University of Montana graduate Aaron Flint wanted nothing more than to break into the Missoula market with his conservative-styled talk radio program. But Flint, 29, didn't anticipate that his personal success would come at the expense of Missoula's only progressive radio station.
After concluding a recent live broadcast from the Montana Farm Bureau convention in Missoula, Flint sits next to a dead microphone and spins the contentious format switch as something that's good for the community. "Voices of Montana" is the only statewide radio talk show, and Flint believes a Missoula audience will bring some balance to the traditionally right-leaning discussion. It's something he and his bosses at Billings-based Northern Broadcasting System (NBS) have discussed for months.
"[NBS President] Taylor Brown and [news director] Rocky Erickson and I have been saying we've got to get on the air in Missoula," Flint says. "Not just because it's a big market, but because we want to have a diverse picture of callers calling into the show. We need these voices in Missoula calling into the program, whether they're liberal or conservative. We pride ourselves on the fact that we're the only statewide talk show."
Loyal followers of Missoula's KMPT 930 AM couldn't have cared less about the reach of Flint's show when it came on the air last week. To them, the "Voices of Montana" program—and the station's abrupt switch—signaled another surprising setback for local progressive talk radio.
Steve Lindahl, marketing manager for KMPT parent company GapWest Broadcasting, says the station first discussed dropping its schedule of nationally syndicated progressive shows in July. That format generated consistently poor ratings since its launch over a year ago, he says, and advertising revenue proved similarly bleak.
"We're no different from any other company out there," Lindahl says. "We've had to lay off a lot of people this year, and when we have a radio station that's underperforming to that extent, we've got to do something."
GapWest spent the summer exploring other format options, including local and national sports coverage. Lindahl says he and station programmers settled this fall on a conservative talk format based on the financial success of similar stations under GapWest's umbrella.
"We have two conservative talk stations," Lindahl says. "One of them, KGVO 1290, is the second highest billing station in our cluster. The other one is in Hamilton and it bills $16,000 a month. KMPT was billing $3,000, and that doesn't even pay our power bill."
Lindahl credits the Missoula-based conservative show "Talk Back" featuring Pete Deneault and Peter Christian with KGVO's success. Comparatively, progressive radio is a tough market to break into for commercial stations, given the overwhelming popularity of Montana Public Radio on KUFM.
"The majority of progressive talk listeners listen to KUFM and it's very difficult to get that audience to listen to a commercial progressive talk station," Lindahl says. "No ratings, no revenue. And if you don't have advertising revenue you can't function."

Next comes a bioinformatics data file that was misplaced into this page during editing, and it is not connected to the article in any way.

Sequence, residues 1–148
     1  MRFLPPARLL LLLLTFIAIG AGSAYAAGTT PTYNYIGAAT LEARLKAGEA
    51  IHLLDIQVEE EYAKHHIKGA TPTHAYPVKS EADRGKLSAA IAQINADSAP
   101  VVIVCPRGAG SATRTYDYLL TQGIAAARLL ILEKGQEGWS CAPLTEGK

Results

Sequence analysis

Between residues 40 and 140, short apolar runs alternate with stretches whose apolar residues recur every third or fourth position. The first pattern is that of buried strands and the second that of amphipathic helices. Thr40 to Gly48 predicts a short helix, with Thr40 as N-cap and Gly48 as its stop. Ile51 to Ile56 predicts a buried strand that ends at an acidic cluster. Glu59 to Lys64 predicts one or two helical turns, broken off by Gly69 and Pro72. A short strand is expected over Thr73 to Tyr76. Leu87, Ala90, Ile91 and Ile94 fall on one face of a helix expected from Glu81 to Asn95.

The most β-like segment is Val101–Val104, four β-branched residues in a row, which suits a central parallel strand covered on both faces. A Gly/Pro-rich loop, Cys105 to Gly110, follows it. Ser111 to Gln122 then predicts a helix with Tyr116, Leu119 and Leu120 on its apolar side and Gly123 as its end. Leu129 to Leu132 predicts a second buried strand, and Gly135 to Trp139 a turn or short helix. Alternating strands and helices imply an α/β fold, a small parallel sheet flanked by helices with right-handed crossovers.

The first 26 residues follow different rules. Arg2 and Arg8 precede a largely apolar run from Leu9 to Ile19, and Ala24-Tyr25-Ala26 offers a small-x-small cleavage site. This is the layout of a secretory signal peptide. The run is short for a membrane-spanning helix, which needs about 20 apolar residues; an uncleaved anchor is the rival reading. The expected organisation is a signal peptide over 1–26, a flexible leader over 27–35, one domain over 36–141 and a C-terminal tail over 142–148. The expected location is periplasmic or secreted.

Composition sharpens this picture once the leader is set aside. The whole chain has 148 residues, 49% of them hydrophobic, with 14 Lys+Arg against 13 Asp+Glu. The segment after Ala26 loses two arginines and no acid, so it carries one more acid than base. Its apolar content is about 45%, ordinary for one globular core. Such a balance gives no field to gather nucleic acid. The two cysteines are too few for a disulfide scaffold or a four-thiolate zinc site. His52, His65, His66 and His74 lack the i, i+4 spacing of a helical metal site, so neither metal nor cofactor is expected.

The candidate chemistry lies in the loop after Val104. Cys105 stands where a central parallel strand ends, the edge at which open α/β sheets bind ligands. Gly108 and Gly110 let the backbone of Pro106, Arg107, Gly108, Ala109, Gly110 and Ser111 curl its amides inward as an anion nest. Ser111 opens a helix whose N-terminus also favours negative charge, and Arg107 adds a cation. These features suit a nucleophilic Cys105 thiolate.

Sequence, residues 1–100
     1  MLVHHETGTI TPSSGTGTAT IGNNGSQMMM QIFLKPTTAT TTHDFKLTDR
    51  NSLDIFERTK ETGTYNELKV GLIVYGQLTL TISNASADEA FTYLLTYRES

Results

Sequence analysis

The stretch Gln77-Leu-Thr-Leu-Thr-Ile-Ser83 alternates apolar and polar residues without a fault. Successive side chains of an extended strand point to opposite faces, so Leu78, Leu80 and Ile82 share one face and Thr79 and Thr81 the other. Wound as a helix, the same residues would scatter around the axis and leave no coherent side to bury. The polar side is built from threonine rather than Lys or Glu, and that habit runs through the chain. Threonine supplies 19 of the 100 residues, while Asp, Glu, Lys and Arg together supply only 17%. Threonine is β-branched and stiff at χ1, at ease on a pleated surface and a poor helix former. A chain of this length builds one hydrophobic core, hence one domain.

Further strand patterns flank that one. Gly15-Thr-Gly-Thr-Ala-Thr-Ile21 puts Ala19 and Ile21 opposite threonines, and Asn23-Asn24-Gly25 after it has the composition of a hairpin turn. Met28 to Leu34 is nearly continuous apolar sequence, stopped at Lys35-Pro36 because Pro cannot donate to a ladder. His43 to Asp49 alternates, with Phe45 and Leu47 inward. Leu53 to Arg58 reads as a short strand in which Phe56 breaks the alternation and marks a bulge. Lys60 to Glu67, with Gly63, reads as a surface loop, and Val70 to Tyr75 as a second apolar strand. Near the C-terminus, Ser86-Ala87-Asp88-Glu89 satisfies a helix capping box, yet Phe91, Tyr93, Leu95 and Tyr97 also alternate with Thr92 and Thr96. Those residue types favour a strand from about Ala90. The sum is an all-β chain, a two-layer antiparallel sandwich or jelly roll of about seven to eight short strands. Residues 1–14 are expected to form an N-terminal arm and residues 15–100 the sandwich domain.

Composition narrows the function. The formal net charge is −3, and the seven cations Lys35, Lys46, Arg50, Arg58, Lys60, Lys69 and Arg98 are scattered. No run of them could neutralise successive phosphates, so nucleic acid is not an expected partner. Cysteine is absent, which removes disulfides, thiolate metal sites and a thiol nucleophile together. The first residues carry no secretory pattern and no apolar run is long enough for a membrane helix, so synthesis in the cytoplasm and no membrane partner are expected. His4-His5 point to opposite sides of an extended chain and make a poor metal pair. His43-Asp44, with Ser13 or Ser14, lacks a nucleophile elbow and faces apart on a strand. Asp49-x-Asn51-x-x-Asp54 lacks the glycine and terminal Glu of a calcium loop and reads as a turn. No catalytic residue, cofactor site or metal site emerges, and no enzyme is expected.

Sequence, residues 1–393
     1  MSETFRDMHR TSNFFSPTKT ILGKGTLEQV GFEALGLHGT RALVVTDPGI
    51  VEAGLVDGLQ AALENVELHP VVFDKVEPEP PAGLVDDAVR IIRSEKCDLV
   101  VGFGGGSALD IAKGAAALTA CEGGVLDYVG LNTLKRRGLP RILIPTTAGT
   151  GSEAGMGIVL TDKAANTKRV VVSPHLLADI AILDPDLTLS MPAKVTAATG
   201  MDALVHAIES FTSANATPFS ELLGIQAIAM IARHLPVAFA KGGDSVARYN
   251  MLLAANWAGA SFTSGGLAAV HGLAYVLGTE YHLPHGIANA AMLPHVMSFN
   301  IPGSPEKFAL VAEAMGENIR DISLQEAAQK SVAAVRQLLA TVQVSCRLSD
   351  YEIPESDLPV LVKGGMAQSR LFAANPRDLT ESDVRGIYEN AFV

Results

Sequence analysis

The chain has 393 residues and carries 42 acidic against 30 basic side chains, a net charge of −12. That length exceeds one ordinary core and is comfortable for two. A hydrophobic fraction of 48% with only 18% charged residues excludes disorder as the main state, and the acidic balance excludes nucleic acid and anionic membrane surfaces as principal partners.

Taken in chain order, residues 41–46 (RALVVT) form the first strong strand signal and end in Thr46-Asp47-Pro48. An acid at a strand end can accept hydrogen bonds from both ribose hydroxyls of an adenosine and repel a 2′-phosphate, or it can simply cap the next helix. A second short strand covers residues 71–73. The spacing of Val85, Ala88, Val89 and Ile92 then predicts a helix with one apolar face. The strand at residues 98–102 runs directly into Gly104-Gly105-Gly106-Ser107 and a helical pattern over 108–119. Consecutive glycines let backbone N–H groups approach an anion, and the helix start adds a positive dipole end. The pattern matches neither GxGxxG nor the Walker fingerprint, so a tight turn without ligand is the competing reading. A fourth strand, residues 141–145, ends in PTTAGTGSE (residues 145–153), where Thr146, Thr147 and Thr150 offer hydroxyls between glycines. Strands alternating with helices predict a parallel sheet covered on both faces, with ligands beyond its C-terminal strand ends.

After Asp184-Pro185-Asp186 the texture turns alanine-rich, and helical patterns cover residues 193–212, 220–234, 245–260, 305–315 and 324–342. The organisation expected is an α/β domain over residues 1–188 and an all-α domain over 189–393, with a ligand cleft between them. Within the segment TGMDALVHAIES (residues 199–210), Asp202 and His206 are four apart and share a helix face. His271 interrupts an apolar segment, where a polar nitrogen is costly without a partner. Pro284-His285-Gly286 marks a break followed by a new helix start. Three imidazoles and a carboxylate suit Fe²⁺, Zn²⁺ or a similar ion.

But GapWest's decision has come at some cost to the station. Upon hearing that KMPT had killed its progressive format, Steve Corrick, a realtor with Prudential Montana Real Estate, pulled his on-air advertising. Corrick had been a political and financial supporter of the station for over a year.
"There's certainly a market for progressive radio in Missoula, and that's where I prefer to do my advertising," Corrick says. "If the company makes a decision for whatever reason that they're not going to continue that programming, no, I'm not going to advertise with them anymore."
Corrick says there's now "tremendous disparity" in the political voices offered on Missoula airwaves. Lindahl openly acknowledges the void, but explains the station's hands were tied. Since the format switch, Lindahl has personally returned over 100 calls from upset listeners. He's carefully justified the station's decision each time.
"I would say 98 percent of the people who called didn't like the decision," Lindahl says. "They don't like what I'm telling them, but they understand it. They're just really surprised at the fact that a progressive talk station doesn't perform better, doesn't have more listeners."
Despite the initial backlash, Flint remains hopeful that he'll make inroads with local listeners. He graduated from UM's journalism program in 2004 and, between two stints with the Army National Guard in Iraq and Afghanistan, has worked in both television and radio. He took over as host of "Voices of Montana" in September, and believes he understands the Missoula market.
"Are we always going to agree with them? No," says Flint of Missoula listeners. "But to create an environment where somebody from Missoula feels just as comfortable calling in as somebody from Circle or Miles City or Libby is what we're looking to do."
Flint says the local liberal majority can easily isolate itself politically, but in an ideal scenario he'll break that habit.
"The bigger picture is that this is a chance, at least on our show, for those progressives in Missoula to be a voice statewide," Flint says. "Call in, be a part of the show. Get out of your Toyota Prius for just a second, just get mad and throw your coffee cup. Call in, get your voice heard and you'll be heard in Circle and Glendive and all these other places. Or you can just sit and whine about it."